Thursday, April 28, 2016

100 Years of Reformed Creeds Regarding the State of the Dead

By Reverend Mark Hunnemann

Intellectual honesty. One sign of it is the humility to look ‘back’ to the past, when in God’s providence, the Lord raised up godly and brilliant men who literally re-discovered the gospel, which had been largely lost for 1,000 years.

The time of the Reformation ( 1500’s) through Luther, Zwingli, and Calvin, and their successors, was a time of unprecedented theological clarity. In the crucible of intense debate, controversy and persecution, unprecedented theological precision was attained. The Reformed (teaching of the Reformation) Creeds, Confessions, and catechisms that came from the 16th and 17th centuries, yielded the finest summaries of the Christian Faith that exist up til this day.

Some folks dislike creeds but EVERYONE has a pre-supposed set of beliefs regarding the bible that act as a de facto creed. “Only Jesus” is my creed is a reply. Okay, which Jesus? There is a New Age Jesus…a ‘Jesus’ for every heretical group.

The question I asked was this: was there a consensus amongst these theologians—spanning 100 years or so-- regarding what happens to our souls when we die? You will note the unyielding certainty and agreement amongst ALL of these various documents.

It would be arrogant to overlook these documents as if we were the first generation of Christians on the planet…we stand on these giants shoulders.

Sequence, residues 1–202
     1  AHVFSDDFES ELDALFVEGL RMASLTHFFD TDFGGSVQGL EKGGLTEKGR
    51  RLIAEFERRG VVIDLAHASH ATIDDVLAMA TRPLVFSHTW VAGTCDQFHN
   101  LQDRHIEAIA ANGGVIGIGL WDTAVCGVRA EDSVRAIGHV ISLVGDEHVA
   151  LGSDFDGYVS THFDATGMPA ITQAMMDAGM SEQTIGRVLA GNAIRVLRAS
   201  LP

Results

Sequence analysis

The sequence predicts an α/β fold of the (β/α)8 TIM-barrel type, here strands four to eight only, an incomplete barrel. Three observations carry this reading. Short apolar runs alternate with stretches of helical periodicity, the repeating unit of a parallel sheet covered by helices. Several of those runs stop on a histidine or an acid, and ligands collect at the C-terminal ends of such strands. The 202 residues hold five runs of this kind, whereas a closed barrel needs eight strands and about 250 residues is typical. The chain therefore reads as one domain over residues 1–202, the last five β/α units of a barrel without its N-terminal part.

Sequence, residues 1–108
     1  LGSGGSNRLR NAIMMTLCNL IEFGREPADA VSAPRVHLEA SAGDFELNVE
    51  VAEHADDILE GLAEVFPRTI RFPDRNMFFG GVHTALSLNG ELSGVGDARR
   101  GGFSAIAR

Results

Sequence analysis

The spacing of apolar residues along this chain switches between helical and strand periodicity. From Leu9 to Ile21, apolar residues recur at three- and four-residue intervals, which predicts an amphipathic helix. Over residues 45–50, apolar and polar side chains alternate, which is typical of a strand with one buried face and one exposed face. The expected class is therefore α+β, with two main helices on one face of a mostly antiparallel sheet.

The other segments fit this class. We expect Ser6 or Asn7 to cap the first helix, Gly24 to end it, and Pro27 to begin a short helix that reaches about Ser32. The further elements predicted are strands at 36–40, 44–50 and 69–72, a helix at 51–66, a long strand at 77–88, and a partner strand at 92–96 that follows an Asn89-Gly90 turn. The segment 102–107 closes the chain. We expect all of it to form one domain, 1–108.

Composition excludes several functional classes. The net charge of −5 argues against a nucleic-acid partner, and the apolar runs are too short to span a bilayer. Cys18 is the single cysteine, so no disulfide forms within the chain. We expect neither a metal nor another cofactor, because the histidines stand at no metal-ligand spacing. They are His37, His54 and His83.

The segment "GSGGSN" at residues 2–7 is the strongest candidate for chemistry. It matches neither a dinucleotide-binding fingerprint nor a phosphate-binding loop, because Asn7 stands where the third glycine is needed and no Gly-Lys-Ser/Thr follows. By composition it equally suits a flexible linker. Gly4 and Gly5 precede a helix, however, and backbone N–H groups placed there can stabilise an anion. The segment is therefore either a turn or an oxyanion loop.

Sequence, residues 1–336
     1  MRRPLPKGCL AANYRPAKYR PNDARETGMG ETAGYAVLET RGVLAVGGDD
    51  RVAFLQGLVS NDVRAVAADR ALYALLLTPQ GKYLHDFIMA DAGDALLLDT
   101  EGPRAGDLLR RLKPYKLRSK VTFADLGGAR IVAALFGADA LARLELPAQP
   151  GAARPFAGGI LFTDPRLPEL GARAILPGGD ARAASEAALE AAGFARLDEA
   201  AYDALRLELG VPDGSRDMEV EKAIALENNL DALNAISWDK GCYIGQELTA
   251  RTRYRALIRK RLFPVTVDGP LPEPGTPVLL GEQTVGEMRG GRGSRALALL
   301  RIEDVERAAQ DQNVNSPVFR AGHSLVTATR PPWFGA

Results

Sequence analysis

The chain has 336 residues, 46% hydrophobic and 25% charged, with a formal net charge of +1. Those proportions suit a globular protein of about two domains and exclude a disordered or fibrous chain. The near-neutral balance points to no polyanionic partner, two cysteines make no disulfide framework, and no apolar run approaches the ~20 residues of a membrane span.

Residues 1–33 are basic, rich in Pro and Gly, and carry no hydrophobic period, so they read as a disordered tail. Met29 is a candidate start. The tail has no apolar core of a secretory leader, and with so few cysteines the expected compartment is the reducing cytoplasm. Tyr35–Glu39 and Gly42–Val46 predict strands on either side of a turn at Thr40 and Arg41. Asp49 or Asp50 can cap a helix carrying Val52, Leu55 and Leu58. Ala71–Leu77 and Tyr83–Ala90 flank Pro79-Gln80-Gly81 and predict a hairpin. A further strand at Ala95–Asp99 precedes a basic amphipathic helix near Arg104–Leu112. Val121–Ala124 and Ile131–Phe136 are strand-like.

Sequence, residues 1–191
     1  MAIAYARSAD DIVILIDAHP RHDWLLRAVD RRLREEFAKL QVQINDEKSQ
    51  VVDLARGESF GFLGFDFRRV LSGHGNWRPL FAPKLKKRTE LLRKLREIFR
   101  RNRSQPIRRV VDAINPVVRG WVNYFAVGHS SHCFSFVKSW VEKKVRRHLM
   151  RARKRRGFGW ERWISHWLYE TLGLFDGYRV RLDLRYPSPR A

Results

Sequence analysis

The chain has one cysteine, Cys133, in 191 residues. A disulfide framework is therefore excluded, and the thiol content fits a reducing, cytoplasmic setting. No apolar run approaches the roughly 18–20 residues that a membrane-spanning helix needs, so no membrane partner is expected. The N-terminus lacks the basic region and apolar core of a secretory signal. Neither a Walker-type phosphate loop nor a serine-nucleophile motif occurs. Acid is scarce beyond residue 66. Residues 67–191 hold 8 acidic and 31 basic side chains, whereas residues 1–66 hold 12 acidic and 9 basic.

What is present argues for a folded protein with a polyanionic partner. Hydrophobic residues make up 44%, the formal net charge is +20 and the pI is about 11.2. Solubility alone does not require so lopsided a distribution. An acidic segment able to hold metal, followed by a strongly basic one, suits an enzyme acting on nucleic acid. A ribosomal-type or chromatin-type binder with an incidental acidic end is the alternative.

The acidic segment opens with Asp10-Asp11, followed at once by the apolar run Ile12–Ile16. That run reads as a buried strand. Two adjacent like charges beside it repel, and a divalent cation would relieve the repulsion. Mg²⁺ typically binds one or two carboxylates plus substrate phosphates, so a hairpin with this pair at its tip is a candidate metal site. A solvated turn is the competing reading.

Creativity is a great thing, EXCEPT in theology. Creativity in the realm of theology, which seems to drive many today, invariably leads to heresy. The bible sets the contours from which our beliefs must adhere. And the Confessions that come from this period are passionately committed to the principle of Sola scriptura…and yield precise and uncompromising summaries of bible doctrine.

I have noticed that some will look high and low to find those few exceptions who agree with their unbiblical views regarding ghosts—that is NOT intellectual honesty. It is eisogesis of historical theology. Intellectual honesty requires that we not neglect the consensus beliefs from brothers, both past and present. The burden of proof lies on the shoulders of those who would deviate from the historical Reformed Confessions regarding the state of the dead.

Below is a brief defense of the importance of Creeds. Please take the time to read this brief article, as it has fresh insights that I’m sure many of you will find refreshing and exhilarating.

Why Creeds and Confessions?
by David Hall
Peter confessed Jesus as the Christ. Jesus responded that His church in all ages would be built upon that realization. The paramount thing confessed was Christ, who is the unique Son of the living God (Matt. 16:16), the cornerstone of the church. However, the means to that end—confessing—is also a very important activity confessing is:

The way to forgiveness of our sins (James 5:16);
How the saved are identified (Rom. 10:10);
The signature that the Spirit is already working in a person (1 Cor. 12:3);
The advertisement of our hope (Heb. 10:23);
Accompanied by obedience (2 Cor. 9:13); and
What Christ Himself did (1 Tim. 6:13).